Create your own compost

Making compost is a productive method of converting your vegetable and garden waste into something useful. It also cuts down on your amount of household rubbish going to landfill. Compost is decomposed organic matter which conditions and nourishes soil by returning nutrients, helps with moisture retention and encourages an abundance of life in the soil, including worm activity.  The result is healthy plants that perform well. 

The science: Composting occurs when organic materials such as foliage and woody materials combine with water and oxygen. The decomposition process results from the activities of a complex microbial community which includes bacteria, fungi, yeasts, algae, protozoa and enzymes.

Generally, a healthy compost has a good balance of nitrogen-rich green material such as grass clippings and carbon-rich brown material such as wood chips and cardboard. It is advisable to avoid meat products and dog droppings. When working with compost, it is essential to keep cuts covered, wear gloves, wear a dust mask if the compost is dusty, and wash your hands when done.

Compost ingredients:
  • Soft green prunings, grass clippings
  • Green weeds (avoid those with seeds, perennial weeds and pest weeds)
  • Seaweed
  • Animal manure (from herbivores)
  • Vegetable kitchen waste
  • Woody prunings and shavings
  • Cardboard and newspaper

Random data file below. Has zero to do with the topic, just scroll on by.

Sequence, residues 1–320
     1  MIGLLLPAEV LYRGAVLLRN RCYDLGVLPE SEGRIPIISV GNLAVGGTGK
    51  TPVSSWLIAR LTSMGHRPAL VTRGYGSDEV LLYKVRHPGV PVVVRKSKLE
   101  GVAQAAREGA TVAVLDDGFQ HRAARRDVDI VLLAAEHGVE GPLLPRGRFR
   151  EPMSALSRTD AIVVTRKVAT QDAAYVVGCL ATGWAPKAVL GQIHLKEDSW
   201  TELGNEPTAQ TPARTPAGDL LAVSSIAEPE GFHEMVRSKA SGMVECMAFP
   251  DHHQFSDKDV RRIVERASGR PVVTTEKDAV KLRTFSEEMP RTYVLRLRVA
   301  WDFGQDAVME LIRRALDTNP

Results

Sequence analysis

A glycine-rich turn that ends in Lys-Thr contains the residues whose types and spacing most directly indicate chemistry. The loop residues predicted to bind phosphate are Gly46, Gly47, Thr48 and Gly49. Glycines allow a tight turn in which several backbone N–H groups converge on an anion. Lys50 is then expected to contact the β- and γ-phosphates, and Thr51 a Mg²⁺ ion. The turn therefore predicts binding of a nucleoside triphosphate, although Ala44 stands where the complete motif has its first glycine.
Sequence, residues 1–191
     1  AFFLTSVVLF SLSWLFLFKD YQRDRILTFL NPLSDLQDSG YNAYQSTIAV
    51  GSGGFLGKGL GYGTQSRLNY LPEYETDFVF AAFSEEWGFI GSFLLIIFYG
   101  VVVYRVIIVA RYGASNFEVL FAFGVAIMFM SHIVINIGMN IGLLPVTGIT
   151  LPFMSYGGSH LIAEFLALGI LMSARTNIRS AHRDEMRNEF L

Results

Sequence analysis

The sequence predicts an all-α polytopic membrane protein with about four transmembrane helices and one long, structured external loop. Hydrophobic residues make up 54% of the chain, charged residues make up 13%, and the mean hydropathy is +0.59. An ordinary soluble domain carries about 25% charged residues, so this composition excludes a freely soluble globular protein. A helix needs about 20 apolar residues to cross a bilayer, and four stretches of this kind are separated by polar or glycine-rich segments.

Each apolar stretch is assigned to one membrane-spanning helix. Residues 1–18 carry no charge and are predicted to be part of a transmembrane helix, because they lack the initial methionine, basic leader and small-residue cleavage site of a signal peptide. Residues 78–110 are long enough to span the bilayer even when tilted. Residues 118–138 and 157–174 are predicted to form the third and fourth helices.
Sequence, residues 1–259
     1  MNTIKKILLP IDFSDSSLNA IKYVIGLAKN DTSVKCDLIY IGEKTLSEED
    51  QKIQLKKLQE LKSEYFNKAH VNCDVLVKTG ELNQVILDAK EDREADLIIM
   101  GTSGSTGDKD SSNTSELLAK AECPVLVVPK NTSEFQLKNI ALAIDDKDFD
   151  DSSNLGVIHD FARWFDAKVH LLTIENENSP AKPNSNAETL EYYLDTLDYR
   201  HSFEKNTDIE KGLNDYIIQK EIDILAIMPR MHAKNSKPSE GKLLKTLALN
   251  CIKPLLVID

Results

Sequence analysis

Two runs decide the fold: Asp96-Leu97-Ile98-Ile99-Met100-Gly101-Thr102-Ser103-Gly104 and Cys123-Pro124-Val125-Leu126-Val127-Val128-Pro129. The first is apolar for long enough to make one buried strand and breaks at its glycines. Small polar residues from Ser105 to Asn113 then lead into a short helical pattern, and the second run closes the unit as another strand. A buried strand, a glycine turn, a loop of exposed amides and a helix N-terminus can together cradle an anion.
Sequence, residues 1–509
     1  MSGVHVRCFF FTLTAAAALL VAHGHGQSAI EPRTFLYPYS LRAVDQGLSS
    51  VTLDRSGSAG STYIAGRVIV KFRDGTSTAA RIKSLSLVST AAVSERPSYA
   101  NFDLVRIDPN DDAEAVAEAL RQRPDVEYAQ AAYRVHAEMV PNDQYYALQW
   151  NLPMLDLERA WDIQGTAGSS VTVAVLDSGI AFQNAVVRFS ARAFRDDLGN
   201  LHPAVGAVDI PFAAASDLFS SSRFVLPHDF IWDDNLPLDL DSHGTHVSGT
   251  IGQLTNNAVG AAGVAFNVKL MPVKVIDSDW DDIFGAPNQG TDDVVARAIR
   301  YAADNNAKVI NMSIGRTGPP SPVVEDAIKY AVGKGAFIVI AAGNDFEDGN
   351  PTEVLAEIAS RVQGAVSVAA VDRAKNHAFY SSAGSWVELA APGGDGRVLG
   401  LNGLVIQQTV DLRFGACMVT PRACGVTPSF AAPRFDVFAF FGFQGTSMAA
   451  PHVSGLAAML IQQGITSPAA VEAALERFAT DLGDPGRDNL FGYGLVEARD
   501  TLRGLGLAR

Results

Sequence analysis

• Bedding from herbivore pets (e.g. straw, hay)
  • Fallen leaves

Other good stuff from the home

  • Hair and nail clippings
  • 100% natural fibres, e.g. wool, cotton, bamboo, hemp
  • Crushed egg shells
  • Tea bags and coffee grinds
Where and how to compost

A heap in the corner of the garden will eventually turn to compost, but it will be quicker and tidier when made in a compost bin.

  • Situate your compost bin in a sunny or semi-shaded position directly on the soil (to encourage earthworms and other beneficial organisms up into the heap).
  • The ideal bin should have some ventilation in the sides that does not allow material to fall out, and it should allow ready access for turning the compost. It should have some removable cover.
  • When starting, put a few woody plant stems and twigs at the bottom to help with air circulation and drainage.
  • Progressively add roughly equal layers of green material and dry brown material.  Woody material should be shredded or chopped to speed decomposition.
  • Keep the compost covered but to keep the compost moist occasionally allow rain in or add water.  Compost should be moist when squeezed but not wet enough to exude drops.
  • Occasionally turning the compost heap will accelerate decomposition. If you do not have time for this, make sure there are plenty of worms in the compost, and they will do the job for you. If you have a worm farm, occasionally transfer a shovelful of worms to your compost heap.
  • Occasional applications of lime benefit worms and microbes that break down the compost and help to keep it from becoming too smelly.
  • It’s a good idea to have a two compost bin and alternate. When one is full, start the second bin and leave the first until the compost is ready to use.
  • Compost is ready when the material is brown, crumbly and earthy-smelling (this can take up to a year).
  • Dig the compost through the garden soil with a garden fork. Do not bury it too deep - plant feeder roots are usually close to the surface of the soil.
  • If you find anything not fully decomposed (such as woody branches) place it in the second compost bin to continue the decomposition process.
  • A great time to use compost is before making seasonal plantings of annuals and vegetables in late spring and early autumn. It is also beneficial to work in compost before planting trees, shrubs, perennials or other plants that enjoy soils rich in humus and nutrients.
  • Enjoy and admire plants next season that glow with health!